President Xi Jinping promised to cut China’s auto import tariffs and ease restrictions on foreign ownership in the country's auto industry amid an escalating trade dispute with Washington.
In a speech Tuesday at a business conference, Xi made no direct mention of the dispute with President Donald Trump but pledged to open China’s markets further and improve conditions for foreign companies.
Xi said Beijing will “significantly lower” tariffs on auto imports this year and ease restrictions on foreign ownership in the auto industry “as soon as possible.”
Xi vowed to open sectors from banking to auto manufacturing, in a speech that also warned against returning to a “Cold War mentality” amid his trade disputes with Trump.
China would increase imports, lower foreign-ownership limits on manufacturing and expand protection to intellectual property, Xi said. He cited the measures while saying China was entering a “new phase of opening up” in his keynote address Tuesday to the Boao Forum for Asia, the country’s answer to Davos.
“Human society is facing a major choice to open or close, to go forward or backward,” Xi told hundreds of investors gathered on the resort island of Hainan. “In today’s world, the trend of peace and cooperation is moving forward and a Cold War mentality and zero-sum game thinking are outdated.”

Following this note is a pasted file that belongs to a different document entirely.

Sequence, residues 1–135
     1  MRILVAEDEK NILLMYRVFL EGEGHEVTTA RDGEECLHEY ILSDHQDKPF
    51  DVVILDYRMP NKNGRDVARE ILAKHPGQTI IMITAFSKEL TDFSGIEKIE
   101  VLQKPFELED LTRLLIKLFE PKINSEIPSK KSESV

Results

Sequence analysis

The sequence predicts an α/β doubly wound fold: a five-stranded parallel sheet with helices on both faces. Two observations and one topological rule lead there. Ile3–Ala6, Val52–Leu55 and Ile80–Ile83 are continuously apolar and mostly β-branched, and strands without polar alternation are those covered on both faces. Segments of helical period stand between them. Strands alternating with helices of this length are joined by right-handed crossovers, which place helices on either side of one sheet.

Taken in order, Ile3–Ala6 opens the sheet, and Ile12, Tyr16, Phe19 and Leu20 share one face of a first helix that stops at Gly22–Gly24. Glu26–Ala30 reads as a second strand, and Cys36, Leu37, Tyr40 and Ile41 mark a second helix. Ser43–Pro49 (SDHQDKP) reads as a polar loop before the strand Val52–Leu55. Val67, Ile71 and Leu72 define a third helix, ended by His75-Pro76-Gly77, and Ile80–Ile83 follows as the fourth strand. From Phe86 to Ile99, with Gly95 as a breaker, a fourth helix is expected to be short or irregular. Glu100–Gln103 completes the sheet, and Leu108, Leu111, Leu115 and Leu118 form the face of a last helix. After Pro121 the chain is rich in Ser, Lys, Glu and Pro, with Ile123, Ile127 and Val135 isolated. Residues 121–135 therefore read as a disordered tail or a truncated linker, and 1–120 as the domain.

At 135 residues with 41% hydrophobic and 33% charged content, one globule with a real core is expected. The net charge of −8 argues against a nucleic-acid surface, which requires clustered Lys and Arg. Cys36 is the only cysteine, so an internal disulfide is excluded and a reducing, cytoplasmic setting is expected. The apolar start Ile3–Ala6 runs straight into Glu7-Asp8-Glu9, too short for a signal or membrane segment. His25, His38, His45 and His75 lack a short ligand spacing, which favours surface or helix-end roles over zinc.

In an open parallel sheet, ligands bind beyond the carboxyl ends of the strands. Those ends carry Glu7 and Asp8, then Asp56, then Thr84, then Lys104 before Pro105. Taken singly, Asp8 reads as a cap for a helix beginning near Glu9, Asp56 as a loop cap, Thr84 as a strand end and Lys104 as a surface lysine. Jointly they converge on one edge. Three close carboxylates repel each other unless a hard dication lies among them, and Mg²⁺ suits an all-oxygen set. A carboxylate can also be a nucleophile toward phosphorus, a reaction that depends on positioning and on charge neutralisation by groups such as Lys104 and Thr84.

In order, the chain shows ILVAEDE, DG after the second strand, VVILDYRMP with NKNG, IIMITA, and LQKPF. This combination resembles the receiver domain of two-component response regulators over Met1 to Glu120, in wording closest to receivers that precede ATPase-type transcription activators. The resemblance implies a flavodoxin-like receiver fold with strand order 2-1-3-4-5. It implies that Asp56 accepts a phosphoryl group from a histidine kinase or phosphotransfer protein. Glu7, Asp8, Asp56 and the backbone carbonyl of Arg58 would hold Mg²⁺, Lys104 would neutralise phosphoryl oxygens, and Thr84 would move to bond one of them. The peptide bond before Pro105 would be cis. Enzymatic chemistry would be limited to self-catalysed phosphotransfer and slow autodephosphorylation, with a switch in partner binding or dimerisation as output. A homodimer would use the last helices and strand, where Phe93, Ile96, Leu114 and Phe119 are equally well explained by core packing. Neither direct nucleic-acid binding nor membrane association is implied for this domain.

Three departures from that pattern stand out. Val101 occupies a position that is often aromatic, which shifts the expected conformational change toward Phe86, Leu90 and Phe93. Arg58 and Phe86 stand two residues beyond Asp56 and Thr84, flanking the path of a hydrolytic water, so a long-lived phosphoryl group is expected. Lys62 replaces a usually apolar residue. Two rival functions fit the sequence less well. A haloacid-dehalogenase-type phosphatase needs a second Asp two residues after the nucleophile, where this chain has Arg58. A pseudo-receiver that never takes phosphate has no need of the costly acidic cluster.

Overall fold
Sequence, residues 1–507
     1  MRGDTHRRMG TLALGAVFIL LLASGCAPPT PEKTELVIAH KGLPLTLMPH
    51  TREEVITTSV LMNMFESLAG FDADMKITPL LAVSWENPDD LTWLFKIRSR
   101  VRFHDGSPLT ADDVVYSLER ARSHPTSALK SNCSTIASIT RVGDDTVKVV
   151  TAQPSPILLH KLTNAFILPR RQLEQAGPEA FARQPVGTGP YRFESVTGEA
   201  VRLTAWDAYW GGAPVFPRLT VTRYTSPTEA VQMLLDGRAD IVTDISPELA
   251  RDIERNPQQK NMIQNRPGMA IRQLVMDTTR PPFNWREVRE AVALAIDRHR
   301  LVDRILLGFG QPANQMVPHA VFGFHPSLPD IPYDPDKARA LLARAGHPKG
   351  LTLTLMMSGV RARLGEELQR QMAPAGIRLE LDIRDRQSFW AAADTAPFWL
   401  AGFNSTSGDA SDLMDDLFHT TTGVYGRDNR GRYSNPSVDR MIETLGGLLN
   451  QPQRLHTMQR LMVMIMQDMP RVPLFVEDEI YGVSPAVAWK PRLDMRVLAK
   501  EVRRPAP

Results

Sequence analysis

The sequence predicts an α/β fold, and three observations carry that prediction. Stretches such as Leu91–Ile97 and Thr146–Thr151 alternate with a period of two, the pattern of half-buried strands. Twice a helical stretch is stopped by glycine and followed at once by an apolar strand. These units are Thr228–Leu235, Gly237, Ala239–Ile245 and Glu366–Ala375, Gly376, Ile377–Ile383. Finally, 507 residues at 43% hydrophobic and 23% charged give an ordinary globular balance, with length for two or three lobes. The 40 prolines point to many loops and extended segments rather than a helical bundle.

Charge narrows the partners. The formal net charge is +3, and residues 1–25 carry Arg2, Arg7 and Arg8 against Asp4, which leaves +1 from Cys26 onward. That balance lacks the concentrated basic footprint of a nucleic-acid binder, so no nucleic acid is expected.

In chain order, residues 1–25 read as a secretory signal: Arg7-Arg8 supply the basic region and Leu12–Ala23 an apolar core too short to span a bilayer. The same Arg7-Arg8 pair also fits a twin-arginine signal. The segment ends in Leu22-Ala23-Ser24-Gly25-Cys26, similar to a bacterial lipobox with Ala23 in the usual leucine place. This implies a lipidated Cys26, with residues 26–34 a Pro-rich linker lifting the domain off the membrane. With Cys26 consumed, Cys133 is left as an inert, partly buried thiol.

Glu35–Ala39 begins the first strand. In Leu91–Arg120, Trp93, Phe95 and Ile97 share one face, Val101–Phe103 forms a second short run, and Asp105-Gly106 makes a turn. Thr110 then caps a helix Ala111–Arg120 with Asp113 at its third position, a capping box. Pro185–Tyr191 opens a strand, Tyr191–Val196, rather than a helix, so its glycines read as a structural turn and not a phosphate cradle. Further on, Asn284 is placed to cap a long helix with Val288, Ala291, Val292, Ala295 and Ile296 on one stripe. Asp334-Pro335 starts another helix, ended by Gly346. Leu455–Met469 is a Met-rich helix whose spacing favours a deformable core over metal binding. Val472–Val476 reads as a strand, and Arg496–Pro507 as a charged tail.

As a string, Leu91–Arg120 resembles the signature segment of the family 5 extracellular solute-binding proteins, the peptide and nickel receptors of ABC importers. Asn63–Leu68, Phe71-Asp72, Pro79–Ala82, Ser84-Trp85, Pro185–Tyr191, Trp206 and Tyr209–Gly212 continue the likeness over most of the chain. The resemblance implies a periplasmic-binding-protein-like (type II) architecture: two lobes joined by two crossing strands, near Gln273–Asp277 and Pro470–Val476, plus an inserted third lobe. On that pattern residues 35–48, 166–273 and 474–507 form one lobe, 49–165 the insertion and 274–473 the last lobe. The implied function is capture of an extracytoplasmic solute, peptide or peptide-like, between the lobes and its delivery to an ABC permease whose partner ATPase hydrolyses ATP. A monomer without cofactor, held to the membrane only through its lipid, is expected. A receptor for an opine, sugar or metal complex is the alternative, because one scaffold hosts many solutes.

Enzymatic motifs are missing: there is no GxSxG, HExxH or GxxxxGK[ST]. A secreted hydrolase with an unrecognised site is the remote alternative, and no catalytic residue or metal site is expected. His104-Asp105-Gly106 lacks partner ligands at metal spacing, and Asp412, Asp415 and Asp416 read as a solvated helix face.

The long-planned speech -- marking 40 years after the first economic reforms transformed China -- was being closely watched after Trump’s plan to hit hundreds of Chinese products with duties.
The country faces a credibility gap after years of promises to free up the economy were followed by more centralized control, market-access barriers and state support for local companies.
Those practices are at the center of Trump’s threats to levy some $150 billion of tariffs against China. The U.S. has asked the the country to reduce its trade surplus by $100 billion, cut tariffs on cars and stop forced technology transfers by foreign corporations, among other things.
The trade spat has put pressure on Xi to counter the U.S narrative during his speech on the resort island of Hainan, which will be attended by leaders including Philippine President Rodrigo Duterte, Singaporean Prime Minister Lee Hsien Loong, and International Monetary Fund Managing Director Christine Lagarde.
Since Trump’s election, Xi has presented himself as a champion of the existing global trading system. Last year, he countered Trump’s “America First” campaign promises in a speech at the World Economic Forum in Davos, Switzerland, where he compared protectionism to “locking yourself in a dark room.”
On Tuesday, Xi’s speech also included a veiled swipe at such policies: “Paying attention only to one’s own community without thinking of others can only lead into a wall. And we can only achieve win-win results by insisting on peaceful development and working together.”